Scientists at the UNC Gillings School of Global Public Health have developed a vaccine that could be effective against COVID-19, its variants and a future coronavirus pandemic.
After testing the effectiveness of the first generation of COVID-19 vaccines, researchers pivoted to look at a second-generation vaccine that would target sarbecoviruses.
Lead study authors, David R. Martinez, a postdoctoral researcher at the UNC Gillings School of Global Public Health and Ralph Baric, an epidemiologist at UNC Gillings School of Global Public Health and professor of immunology and microbiology at the UNC School of Medicine, conducted research that led to the new therapies to fight emerging infectious diseases.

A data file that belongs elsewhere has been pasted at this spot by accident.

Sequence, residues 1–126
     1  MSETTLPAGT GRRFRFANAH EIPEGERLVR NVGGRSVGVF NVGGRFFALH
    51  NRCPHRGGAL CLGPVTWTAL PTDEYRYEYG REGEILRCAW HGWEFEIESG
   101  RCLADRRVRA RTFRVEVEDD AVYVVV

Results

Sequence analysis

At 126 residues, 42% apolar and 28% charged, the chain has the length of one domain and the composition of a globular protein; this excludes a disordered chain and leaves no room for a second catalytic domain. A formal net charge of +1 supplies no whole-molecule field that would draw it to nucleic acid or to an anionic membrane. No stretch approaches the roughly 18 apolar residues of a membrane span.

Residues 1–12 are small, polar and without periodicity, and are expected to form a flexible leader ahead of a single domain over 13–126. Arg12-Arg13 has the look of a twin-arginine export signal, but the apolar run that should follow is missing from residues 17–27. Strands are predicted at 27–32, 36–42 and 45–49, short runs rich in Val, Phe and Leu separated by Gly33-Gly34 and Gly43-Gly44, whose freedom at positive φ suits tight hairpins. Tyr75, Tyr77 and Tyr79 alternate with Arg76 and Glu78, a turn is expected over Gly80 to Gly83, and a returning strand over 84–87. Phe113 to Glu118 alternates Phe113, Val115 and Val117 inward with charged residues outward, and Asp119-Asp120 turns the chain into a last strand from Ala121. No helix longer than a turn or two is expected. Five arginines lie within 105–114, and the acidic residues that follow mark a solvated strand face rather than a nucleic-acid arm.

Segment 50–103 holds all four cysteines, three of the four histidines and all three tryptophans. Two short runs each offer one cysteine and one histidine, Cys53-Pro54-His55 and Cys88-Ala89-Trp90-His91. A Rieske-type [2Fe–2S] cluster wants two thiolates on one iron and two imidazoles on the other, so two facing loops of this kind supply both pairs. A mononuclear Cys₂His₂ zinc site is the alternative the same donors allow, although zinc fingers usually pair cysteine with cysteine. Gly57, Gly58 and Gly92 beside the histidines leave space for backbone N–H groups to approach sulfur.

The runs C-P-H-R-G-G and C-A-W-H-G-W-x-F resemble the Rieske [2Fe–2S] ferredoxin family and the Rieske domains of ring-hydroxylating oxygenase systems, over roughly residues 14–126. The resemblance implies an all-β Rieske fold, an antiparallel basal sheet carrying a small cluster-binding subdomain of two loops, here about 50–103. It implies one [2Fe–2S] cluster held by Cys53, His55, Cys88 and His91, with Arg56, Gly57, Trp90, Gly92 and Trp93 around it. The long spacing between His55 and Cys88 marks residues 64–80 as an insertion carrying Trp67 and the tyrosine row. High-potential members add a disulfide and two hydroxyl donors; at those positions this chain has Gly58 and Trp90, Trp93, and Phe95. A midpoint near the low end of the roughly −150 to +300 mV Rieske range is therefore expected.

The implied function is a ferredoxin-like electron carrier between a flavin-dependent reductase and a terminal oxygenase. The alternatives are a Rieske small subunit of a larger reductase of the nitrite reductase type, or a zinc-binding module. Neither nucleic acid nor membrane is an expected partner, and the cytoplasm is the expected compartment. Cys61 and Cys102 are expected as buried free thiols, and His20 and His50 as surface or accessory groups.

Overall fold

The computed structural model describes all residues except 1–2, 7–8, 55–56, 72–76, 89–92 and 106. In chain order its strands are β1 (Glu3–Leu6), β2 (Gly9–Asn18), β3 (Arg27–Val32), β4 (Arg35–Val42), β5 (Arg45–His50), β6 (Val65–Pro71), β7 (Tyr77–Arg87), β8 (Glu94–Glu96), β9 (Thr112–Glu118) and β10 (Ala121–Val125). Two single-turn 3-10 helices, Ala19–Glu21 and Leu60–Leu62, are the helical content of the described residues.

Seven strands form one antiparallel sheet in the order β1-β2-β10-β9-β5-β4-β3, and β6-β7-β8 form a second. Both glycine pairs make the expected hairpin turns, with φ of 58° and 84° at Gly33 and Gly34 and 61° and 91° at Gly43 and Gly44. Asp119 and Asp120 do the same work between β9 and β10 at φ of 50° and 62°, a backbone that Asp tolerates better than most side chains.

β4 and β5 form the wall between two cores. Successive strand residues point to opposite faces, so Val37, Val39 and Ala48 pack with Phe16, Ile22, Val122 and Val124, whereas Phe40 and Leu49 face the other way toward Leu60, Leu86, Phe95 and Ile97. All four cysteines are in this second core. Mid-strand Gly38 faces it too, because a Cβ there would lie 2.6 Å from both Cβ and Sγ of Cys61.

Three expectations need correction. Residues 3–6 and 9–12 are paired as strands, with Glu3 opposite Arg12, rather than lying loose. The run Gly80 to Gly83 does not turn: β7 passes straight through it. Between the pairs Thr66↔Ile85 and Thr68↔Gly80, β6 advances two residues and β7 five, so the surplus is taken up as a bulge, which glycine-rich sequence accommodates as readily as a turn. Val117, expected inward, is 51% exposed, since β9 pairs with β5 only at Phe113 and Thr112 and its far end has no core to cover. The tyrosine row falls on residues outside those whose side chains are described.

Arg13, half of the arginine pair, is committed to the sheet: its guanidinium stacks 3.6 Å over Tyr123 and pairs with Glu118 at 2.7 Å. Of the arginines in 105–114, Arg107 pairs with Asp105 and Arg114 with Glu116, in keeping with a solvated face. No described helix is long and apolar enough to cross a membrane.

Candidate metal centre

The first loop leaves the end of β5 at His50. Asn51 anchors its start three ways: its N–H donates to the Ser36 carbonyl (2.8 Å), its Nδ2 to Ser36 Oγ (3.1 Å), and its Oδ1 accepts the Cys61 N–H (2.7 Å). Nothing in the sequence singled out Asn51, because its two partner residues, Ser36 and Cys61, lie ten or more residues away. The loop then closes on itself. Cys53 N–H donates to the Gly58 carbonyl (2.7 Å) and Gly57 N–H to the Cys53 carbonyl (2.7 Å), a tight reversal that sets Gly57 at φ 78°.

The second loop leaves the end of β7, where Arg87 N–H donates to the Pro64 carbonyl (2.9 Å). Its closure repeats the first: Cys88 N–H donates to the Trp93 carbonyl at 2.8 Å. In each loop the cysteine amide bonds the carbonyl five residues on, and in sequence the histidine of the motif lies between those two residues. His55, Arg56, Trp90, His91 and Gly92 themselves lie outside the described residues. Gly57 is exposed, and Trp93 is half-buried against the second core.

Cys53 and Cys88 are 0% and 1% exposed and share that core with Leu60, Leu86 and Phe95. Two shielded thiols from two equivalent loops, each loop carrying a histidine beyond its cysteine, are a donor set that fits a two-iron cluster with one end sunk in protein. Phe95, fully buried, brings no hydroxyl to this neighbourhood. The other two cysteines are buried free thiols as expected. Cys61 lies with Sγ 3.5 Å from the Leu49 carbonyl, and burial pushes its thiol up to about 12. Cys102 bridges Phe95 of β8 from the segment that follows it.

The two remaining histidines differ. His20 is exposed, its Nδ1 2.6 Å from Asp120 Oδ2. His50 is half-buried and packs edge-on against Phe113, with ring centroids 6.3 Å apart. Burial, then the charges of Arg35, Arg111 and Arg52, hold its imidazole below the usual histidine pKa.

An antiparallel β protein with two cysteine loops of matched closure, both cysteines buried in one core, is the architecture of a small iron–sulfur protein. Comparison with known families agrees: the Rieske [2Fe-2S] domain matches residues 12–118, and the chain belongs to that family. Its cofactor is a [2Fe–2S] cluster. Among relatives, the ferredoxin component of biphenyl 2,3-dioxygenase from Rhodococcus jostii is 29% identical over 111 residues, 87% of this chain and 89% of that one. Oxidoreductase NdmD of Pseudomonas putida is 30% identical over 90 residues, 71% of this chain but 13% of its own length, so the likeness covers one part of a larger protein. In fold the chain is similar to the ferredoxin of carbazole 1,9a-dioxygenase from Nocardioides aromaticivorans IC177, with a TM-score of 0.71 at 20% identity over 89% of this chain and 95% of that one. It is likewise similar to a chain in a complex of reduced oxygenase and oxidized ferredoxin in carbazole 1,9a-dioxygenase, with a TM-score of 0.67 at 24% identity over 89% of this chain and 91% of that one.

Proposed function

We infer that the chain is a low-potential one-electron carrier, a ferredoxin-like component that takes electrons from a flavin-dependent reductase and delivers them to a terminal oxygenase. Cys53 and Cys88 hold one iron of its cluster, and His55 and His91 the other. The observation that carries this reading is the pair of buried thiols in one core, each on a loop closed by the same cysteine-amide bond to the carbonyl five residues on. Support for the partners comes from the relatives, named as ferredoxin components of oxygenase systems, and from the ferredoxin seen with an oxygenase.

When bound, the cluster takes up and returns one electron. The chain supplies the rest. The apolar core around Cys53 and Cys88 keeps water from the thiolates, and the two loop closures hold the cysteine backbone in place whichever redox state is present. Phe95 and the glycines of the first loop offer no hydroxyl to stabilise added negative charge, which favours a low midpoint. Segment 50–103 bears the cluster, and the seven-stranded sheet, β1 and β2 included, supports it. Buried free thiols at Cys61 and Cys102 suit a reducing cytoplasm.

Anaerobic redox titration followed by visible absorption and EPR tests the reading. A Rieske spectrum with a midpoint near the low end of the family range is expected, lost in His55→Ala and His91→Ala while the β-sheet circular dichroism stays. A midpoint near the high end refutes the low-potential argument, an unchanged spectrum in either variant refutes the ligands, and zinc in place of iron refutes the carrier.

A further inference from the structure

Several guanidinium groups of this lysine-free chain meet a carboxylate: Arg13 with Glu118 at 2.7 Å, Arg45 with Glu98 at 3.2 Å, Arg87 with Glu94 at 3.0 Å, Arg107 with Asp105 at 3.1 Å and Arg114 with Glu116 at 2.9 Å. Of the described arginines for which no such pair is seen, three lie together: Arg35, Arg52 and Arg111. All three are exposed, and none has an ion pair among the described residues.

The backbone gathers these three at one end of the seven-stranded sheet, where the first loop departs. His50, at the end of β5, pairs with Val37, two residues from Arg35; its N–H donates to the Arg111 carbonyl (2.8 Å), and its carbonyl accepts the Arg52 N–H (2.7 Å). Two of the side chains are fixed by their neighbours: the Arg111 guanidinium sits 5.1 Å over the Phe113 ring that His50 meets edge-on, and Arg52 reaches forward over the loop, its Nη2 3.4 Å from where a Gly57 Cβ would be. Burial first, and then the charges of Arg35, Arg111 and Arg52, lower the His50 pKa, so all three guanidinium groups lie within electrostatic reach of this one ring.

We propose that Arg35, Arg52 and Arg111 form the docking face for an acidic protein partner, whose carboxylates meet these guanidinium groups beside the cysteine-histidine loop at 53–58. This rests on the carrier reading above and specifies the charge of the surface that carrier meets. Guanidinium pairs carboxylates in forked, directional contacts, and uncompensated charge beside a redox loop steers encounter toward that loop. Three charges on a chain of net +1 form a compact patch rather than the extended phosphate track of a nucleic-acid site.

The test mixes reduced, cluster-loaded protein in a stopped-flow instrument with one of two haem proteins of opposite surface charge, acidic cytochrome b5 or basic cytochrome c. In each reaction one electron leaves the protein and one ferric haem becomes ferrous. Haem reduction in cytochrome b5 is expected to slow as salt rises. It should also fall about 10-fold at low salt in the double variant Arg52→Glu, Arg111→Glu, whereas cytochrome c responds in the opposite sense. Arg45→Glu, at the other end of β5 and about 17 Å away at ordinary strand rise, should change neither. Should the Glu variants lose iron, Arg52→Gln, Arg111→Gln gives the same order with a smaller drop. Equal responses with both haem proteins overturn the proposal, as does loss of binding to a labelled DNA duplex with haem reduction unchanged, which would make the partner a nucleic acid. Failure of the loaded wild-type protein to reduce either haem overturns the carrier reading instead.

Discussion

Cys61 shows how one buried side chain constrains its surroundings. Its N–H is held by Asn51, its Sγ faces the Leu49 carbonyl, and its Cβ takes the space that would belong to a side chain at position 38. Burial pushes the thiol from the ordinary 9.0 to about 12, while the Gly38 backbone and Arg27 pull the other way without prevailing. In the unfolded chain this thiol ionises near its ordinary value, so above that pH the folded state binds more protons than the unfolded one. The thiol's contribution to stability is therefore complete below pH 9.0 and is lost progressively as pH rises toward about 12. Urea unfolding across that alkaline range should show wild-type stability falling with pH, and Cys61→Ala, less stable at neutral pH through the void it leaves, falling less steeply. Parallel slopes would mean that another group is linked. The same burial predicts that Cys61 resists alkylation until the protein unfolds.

The universal vaccine, similar to the Pfizer and Moderna vaccines, uses mRNA. But instead of including the mRNA code for only one virus, it consists of mRNA from multiple coronaviruses.
“Our findings look bright for the future because they suggest we can design more universal pan coronavirus vaccines to proactively guard against viruses we know are at risk for emerging in humans,” Martinez said. “With this strategy, perhaps we can prevent a SARS-CoV-3.”